It’s a story Marlene Stollings has told throughout the season. On the first day of basketball practice last fall, the new Gophers coach had her team sit on the floor in a darkened Williams Arena and look up at the last banner commemorating an NCAA tournament appearance.
That was hung in 2009. Stollings challenged the Gophers to end that five-season drought, and Monday, they got the invitation they had pursued. The Gophers will open play in the NCAA tournament Friday as the No. 8 seed in the Oklahoma City region, facing No. 9 seed DePaul at Notre Dame.
The team viewed the selection show at Williams Arena, which was turned into a giant rec room with the lowered center scoreboard serving as a big-screen TV. With about 200 fans joining them, the Gophers leaped out of their folding chairs on the court when their school’s name flashed on the screen, hugging and whooping amid a spray of Silly String.
The announcement marked the high point of an emotional season, punctuated by a season-ending injury to star guard Rachel Banham in December that threatened to derail their quest for the program’s ninth NCAA tournament invitation. But there were no tears Monday, only an outpouring of joy.
“The goal when I came here was to make it to this tournament, and we’ve done that,” said senior forward Shae Kelley, who transferred from Old Dominion. “The excitement didn’t hit me until we were in front of the screen and the first bracket came out, and then our name popped up.
“It’s just an exciting moment. It’s a once in a lifetime thing. It’s a blessing.”
DePaul is 26-7 and won its second consecutive Big East tournament title after finishing as the conference’s co-champion in the regular season. The Blue Demons will make their 13th consecutive tournament appearance, and they are such mainstays that they held what was billed as their “annual Selection Monday party.”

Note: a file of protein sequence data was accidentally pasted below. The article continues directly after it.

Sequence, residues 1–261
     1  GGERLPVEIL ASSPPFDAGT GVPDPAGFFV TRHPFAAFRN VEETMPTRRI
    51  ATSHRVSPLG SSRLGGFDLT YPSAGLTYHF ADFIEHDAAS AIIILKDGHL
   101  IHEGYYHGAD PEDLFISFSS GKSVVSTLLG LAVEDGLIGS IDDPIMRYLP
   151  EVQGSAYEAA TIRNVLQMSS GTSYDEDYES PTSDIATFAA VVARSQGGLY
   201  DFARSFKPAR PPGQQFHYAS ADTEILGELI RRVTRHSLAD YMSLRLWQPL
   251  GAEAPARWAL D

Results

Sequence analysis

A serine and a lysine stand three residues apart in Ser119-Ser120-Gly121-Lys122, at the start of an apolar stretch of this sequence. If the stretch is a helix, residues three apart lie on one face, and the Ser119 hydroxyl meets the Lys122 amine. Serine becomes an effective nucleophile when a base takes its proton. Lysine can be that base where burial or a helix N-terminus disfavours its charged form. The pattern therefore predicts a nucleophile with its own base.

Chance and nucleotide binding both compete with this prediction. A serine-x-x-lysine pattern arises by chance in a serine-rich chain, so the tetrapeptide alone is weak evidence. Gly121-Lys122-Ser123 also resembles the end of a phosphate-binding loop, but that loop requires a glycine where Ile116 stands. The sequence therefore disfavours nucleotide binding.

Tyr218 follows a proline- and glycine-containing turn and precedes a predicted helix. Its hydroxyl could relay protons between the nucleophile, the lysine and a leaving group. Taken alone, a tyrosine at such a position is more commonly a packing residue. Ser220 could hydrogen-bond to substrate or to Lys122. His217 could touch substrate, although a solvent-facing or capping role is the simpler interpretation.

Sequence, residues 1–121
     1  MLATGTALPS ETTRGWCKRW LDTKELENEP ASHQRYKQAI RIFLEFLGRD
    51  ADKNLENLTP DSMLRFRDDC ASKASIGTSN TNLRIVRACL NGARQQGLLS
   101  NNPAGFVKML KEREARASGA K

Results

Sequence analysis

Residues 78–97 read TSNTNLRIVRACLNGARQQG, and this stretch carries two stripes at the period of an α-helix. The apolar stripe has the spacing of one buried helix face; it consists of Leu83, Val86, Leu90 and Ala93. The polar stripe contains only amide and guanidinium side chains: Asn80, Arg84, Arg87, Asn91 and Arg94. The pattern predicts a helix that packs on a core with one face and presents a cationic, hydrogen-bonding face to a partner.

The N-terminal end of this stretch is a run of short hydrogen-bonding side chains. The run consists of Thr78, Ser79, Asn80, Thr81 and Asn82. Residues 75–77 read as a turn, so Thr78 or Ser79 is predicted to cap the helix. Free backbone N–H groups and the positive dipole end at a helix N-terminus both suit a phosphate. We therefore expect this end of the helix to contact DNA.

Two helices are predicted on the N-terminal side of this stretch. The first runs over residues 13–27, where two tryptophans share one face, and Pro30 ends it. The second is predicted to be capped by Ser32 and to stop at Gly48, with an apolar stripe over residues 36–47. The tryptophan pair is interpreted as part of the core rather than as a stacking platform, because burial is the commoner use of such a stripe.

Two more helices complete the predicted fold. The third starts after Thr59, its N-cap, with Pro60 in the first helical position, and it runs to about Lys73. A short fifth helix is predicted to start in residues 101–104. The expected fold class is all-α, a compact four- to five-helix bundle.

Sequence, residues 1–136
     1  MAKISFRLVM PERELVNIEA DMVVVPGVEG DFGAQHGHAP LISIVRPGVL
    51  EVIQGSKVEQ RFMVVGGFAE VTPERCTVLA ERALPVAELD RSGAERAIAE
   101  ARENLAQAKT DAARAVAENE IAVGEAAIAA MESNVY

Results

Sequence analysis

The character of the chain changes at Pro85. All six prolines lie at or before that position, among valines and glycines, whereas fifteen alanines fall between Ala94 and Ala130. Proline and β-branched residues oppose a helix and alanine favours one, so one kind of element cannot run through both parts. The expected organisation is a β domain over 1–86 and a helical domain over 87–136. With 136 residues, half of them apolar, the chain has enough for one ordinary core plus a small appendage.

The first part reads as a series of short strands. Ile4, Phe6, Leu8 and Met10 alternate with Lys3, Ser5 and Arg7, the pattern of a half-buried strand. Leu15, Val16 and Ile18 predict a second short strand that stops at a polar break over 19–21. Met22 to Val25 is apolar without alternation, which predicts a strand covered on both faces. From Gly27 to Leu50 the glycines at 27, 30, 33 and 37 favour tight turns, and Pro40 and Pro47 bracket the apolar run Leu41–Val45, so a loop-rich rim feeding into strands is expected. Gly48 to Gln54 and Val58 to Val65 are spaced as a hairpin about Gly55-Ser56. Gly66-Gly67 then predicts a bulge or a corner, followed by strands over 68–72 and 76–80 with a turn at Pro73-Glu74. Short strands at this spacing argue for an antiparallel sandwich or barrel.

The Gophers fall at the other end of the spectrum, as wide-eyed newbies. They will return to the site of their last appearance, when they sprang a surprise on host Notre Dame six years ago. The No. 10 seed that year, the Gophers beat the seventh-seeded Irish before falling to Texas A&M in the second round.
That ended a run of seven tournament appearances from 2002 to ’09, highlighted by the program’s lone trip to the Final Four in 2004 and a Sweet 16 berth in 2005. Coach Pam Borton led them to six of those, but she was fired last spring after missing the NCAA tournament five years in a row.
Stollings, who developed a reputation as a quick-change artist in turning around programs at Winthrop and Virginia Commonwealth, was hired in April and made a swift return to the tournament her top priority.
“It’s thrilling,’’ she said. “I’m just so happy for our kids. For it to happen so quickly is just a testament to our young ladies, as well as our coaching staff and all the hours and time they put in.
“At that moment in September, at our first team meeting, we set the goal that we wanted to return to the NCAA tournament and we wanted to do it this year. We didn’t know we were going to lose Rachel, but it was just an amazing run by these young ladies. And here we are.”
The invitation capped a resurgent season for the Gophers, whose 22 regular-season victories equal the second-most in school history. They lost only one of their first 15 games, and their 16-2 start was the best 18-game mark in program history. Despite the loss of Banham, the second-leading scorer in Gophers history, they were ranked as high as No. 21 in the Associated Press poll in January, marking their return to the top 25 after a nine-year absence.
The team has not played since losing to Ohio State in the quarterfinals of the Big Ten tournament on March 6. With the Gophers being newcomers to the NCAA hoopla, Stollings said she wants to keep the pressure low and make sure her team is enjoying the experience as it prepares for DePaul.
“It’s a new season, and I’m really excited,” center Amanda Zahui B. said. “We don’t do this every day. We just want to have fun and work hard.”